The Age of Acceleration.

A new book is out worth a trip to the library. It is Thomas L. Friedman’s newest book, Thank You for Being Late: An Optimist’s Guide to Thriving in the Age of Accelerations. The book recognizes the fact that as we depend more and more on technology for every kind of interface with others and the active world, we grow lonelier and our interactions have less value.

The best way to review the book is to watch a video interview by Aspen Institute President and CEO Walter Isaacson.[1]

The issue addressed in Friedman’s book centers on the explosion of technical capacity in 2006-2008. It is the time of the iPhone, the tablet, the cloud, big data, a dozen processing platforms that accelerate transaction speeds off the charts. Then it was 2008. Without warning, people lost jobs, homes, and whole lifetimes of savings. It was a double whammy which left our culture overwhelmed with isolation, defeat and loneliness. Friedman focuses on the battlefront that will exist in our culture for the next couple of decades: those who want to build walls against the hurricane of change and those who want to learn how to live in the eye of the hurricane.

Part of living in the eye is to associate again with people in groups and activities that are socializing in nature and help develop empathetic skills. As an example, Tom mentions a new, rapidly growing business that sponsors paint-by-number painting in bars. Our society yearns for the camaraderie that existed fifty years ago. We are squeezed dry by faster and faster transactions in everyday living.

Tom often is seen on Global Public Square, Fareed Zakaria’s Sunday show on CNN. He is an eclectic writer who easily crosses from one segment of society to another and has won three Pulitzers.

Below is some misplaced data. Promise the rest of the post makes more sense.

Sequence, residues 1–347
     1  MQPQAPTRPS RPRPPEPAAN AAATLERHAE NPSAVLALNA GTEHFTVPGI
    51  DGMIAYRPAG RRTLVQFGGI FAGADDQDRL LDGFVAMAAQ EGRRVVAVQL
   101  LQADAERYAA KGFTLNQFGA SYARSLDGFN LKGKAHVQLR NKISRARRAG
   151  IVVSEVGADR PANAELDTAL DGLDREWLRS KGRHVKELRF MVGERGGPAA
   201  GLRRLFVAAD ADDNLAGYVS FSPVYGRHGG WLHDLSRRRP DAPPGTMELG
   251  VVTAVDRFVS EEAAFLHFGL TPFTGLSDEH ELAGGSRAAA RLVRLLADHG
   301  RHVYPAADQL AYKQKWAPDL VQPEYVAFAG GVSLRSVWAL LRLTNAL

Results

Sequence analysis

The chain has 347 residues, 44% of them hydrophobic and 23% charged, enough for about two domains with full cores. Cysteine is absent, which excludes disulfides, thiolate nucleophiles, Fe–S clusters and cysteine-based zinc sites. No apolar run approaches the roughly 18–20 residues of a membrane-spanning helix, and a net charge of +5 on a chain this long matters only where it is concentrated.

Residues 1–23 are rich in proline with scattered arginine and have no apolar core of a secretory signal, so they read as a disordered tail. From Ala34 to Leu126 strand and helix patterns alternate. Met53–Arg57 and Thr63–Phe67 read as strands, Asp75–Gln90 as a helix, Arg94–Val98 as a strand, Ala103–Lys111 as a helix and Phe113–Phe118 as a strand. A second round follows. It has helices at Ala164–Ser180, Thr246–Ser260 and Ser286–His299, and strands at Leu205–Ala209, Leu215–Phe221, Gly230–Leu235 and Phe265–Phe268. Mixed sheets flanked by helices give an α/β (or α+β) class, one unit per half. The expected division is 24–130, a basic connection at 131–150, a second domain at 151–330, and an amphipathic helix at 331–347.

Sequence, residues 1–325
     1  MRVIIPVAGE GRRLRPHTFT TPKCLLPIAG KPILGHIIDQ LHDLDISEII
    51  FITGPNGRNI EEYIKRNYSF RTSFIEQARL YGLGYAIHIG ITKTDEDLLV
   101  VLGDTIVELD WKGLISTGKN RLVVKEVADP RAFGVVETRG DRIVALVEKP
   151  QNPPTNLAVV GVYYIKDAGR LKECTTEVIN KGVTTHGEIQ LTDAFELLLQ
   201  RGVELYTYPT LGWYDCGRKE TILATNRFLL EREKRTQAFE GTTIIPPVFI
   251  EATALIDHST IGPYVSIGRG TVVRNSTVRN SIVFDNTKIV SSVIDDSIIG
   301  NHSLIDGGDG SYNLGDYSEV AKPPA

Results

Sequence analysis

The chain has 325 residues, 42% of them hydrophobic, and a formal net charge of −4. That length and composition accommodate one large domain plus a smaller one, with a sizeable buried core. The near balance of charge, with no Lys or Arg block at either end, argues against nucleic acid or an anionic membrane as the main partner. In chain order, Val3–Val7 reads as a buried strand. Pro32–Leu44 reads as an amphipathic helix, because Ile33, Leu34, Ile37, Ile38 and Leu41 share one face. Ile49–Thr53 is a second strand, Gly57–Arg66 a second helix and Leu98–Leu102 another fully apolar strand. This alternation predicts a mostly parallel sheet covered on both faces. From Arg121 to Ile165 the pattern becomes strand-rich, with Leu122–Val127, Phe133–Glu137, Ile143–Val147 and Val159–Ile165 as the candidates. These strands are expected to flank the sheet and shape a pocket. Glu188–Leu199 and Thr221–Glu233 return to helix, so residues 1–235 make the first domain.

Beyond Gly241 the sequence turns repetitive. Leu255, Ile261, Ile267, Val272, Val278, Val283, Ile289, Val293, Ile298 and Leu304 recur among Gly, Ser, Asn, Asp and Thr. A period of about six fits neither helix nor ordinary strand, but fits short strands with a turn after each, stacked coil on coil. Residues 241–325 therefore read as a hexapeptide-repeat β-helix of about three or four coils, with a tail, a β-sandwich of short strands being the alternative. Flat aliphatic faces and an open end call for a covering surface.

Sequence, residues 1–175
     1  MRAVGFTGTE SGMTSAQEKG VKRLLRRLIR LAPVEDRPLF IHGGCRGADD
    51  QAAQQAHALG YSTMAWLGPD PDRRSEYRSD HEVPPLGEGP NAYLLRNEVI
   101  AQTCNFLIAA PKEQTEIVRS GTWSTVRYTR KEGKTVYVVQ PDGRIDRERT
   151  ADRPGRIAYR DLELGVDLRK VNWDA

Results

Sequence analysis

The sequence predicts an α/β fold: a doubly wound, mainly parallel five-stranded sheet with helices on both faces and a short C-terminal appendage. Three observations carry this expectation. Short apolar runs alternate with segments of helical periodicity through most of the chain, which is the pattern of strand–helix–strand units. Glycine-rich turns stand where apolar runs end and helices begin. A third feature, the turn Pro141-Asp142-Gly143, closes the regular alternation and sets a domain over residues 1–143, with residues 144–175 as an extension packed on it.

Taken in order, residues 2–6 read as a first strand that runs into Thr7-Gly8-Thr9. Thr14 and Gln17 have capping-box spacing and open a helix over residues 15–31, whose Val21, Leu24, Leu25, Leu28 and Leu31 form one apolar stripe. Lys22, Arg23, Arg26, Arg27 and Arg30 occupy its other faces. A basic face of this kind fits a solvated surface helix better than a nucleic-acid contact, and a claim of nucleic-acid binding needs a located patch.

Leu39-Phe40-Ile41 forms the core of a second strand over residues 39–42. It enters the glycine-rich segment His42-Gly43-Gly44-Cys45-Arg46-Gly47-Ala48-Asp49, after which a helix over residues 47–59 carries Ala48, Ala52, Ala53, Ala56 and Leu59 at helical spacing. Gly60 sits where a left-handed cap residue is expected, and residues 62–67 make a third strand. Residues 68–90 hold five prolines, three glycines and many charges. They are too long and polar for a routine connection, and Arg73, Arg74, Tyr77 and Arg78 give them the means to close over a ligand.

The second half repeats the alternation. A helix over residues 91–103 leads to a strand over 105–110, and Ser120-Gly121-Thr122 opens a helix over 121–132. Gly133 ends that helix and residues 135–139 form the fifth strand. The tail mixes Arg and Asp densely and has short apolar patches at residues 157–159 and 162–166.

This is another critical read similar to Eric Metaxas’s book, If You can Keep it, which discusses the lost spirit of our nation.

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Each of these books reminds us that history moves at blurring speeds today. Even as an athlete trains constantly to keep his place in his sport, so we must constantly train to stay in Tom Friedman’s eye of the hurricane. Life will not be successful without constantly learning about new ideas, different life situations, even constantly preparing to keep one’s work skills current – at any age.

New cycles of careers and life patterns no longer move along generational lifetimes. They move in months or a few years; waiting while we plod along through kindergarten to college will leave us behind, falling into the hurricane. It is a new lesson we must learn – even to learn again how important empathy is to a happy, healthy life.

Ancient Mariner

[1] See .

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